– So now I can take all of this syntax and all of these tools and frameworks that are at my disposal, and I can use them, I don’t follow them, I don’t check box or anything like that, but I can, you know, do the same thing I did as a developer, which is use them to solve very complex enterprise problems, specifically around, you know, you might not exist if you don’t do this stuff, and you might go out of business, so how do we solve that problem?
– Yeah, a comment and a question: so one of my favorite compliments, and I don’t even know if he ever remembers even saying it, was one time, it was, I think it was Ron Jeffries, on like an Agile project management message board or something like that. He described what we were trying to do, is he goes, Mike is trying to create the kinds of organizations that a developer wants to work in. Right, and I thought that was a really cool comment coming from Ron, right? Because he’s kind of like the uber developer guy, right? And, you know, the fact that he recognized that whether we were good at it or not, the fact that we were trying to create the right ecosystem for developers to be successful, that was kind of a cool recognition, right, so I take that as like a very cool compliment from somebody who probably doesn’t even remember saying that to me, so. The other thing that I kind of wanted to explore with you, right, is I know that over time, people in your networks have pushed back on what leading Agile has done. And so, like maybe, you know, somebody who wants to take a more developer, technical practices approach, but yet is getting exposed technical practices approach, but yet is getting exposed to our base camp model and the quadrants and expeditions and things like that, so what’s your perception of maybe how, some people are maybe misunderstanding what we’re trying to do?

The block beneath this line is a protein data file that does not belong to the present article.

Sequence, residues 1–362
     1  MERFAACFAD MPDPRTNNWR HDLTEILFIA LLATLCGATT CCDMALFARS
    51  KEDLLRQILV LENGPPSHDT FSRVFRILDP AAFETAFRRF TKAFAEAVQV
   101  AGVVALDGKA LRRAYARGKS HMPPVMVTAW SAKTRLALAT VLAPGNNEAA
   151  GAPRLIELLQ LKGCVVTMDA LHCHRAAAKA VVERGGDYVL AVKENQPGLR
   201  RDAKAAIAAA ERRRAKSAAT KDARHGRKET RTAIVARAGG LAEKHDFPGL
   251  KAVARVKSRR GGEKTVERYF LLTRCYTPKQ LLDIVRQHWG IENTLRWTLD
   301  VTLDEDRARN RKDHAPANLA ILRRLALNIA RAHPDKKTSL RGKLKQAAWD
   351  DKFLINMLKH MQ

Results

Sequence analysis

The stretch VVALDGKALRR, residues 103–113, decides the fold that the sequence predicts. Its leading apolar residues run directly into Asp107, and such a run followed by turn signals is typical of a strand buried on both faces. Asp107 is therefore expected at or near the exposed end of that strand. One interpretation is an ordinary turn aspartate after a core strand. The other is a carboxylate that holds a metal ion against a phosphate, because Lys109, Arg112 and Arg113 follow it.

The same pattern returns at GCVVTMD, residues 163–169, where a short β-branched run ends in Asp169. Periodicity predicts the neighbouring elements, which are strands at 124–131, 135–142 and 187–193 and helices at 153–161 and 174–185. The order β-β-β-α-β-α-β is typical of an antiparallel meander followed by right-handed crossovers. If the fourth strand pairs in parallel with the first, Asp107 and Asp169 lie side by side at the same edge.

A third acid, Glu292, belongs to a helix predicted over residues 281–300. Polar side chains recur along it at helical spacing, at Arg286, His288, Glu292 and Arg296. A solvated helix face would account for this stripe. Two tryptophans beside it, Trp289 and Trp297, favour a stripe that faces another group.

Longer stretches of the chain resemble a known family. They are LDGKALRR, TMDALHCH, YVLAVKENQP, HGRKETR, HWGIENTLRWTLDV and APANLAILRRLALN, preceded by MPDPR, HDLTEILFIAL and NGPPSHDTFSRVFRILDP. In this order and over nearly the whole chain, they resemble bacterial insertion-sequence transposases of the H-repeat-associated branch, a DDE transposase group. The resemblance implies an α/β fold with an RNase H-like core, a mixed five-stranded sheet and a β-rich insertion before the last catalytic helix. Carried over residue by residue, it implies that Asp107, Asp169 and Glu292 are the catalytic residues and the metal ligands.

– So first, empathy.